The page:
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Peace Is Elsewhere

After successfully containing Bush's 'mad cowboy disease', the west's enlightened public should urgently turn its attention to Saddam. That's the only way out.

Peace Is Elsewhere
illustration by Sandeep Adhwaryu
Peace Is Elsewhere
outlookindia.com
-0001-11-30T00:00:00+0553
That the war on Iraq has been stalled is a tribute to the power and beauty of western democracy. It's the ordinary citizens of the western world who inspired the entire international community to affirm their will. They didn't want war. So they poured out into the streets and said so. Forcefully, effectively, but peacefully. It is testimony to the power of the western civil society. Here is a group of people who don't blindly follow their government's aims, are too intelligent and well-informed to fall prey to official propaganda, make up their own minds, hold on to important values and then come out of their cocoons to do something about it: they were sending chain e-mails, using the Internet to nail government lies, organising street demonstrations, holding seminars, making themselves visible and heard.

Across the US and Europe—from ordinary citizens to celebrities, from an unknown Kentucky waitress to Hollywood actress Susan Sarandon—citizens had the courage to stand up and be counted, even go publicly and vociferously against their own governments because they are secure in the strength of their own democracy. They are confident they won't be hounded and persecuted by their governments. There's genuine space for democratic dissent. There are enough checks and balances to prevent official victimisation of individuals and corporations who rub the authorities the wrong way. Anti-Americanism is a loose and misleading label. America, the land, the people, its values and system is possibly the most admired and loved in the world. But the international community turned against the Bush government's aggressive, arbitrary, hypocritical, insensitive foreign policy, derisively described by protesters as the "mad cowboy disease".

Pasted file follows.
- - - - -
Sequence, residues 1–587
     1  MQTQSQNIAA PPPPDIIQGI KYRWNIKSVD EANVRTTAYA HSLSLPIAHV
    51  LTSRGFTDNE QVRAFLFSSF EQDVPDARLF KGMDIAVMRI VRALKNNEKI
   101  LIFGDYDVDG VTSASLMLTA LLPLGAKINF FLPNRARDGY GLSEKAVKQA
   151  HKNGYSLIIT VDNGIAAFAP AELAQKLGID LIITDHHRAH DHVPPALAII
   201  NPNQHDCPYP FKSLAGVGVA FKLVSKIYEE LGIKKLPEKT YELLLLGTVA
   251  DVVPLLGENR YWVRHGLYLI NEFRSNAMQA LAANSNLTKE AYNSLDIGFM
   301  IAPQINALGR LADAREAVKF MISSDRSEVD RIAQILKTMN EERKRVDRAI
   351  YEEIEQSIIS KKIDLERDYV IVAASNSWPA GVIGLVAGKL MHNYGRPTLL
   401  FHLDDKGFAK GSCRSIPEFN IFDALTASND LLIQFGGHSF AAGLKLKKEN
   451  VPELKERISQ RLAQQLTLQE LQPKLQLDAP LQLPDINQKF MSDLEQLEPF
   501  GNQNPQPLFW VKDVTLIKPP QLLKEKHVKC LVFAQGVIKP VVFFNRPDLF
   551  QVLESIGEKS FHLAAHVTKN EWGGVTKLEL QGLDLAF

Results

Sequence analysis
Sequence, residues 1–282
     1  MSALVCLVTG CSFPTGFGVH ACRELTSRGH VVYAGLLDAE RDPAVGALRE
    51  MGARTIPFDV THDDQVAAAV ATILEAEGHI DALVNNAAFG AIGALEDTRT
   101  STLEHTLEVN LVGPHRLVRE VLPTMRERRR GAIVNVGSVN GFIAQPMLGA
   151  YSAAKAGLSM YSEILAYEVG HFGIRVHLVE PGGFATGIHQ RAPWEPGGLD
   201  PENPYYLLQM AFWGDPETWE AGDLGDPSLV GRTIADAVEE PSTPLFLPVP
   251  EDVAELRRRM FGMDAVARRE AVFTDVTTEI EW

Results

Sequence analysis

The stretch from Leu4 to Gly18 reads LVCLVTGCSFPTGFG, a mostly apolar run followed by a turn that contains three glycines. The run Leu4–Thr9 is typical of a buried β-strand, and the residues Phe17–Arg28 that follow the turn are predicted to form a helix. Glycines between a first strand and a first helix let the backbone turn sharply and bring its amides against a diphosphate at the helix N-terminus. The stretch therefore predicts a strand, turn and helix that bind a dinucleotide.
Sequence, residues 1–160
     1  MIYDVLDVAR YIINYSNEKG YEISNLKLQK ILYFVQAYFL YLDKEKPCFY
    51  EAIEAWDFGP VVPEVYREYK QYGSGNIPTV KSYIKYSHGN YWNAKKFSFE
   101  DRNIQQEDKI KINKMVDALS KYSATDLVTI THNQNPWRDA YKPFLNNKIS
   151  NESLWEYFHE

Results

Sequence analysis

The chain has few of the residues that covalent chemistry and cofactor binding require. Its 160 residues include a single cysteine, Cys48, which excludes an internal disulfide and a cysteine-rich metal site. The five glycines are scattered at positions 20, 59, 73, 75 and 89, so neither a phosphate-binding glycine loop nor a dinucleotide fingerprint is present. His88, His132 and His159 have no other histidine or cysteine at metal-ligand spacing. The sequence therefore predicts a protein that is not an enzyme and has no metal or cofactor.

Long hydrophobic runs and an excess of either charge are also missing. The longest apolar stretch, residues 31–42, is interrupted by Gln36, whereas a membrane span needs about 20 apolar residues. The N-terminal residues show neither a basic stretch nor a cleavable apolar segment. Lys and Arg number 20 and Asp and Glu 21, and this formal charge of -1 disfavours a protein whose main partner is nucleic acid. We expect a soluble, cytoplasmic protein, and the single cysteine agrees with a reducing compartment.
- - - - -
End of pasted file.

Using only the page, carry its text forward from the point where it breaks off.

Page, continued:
But even the Bush administration had to finally heed the international will. The stalling of war also proves that western governments have to be sensitive to their people's sentiments. If France took such an impassioned and principled stand to give peace one more chance, it was because they had the solid support of French citizens, who have always backed noble ideals such as liberty and liberal values, including coming out at the most critical time to democratically bowl out their own racist, right-wing leader Le Pen last year.

This is in stark contrast to what's happening in Iraq. From all accounts, Saddam Hussein is a cruel tyrant. Demonstrations are stage-managed. If Iraqis want to protest against Saddam, they must put their life on the line. There's no pressure on Saddam to bow to public will. He's not answerable to anyone. This accounts for the fact that all international protests against war have been directed against their own governments or specifically against the US.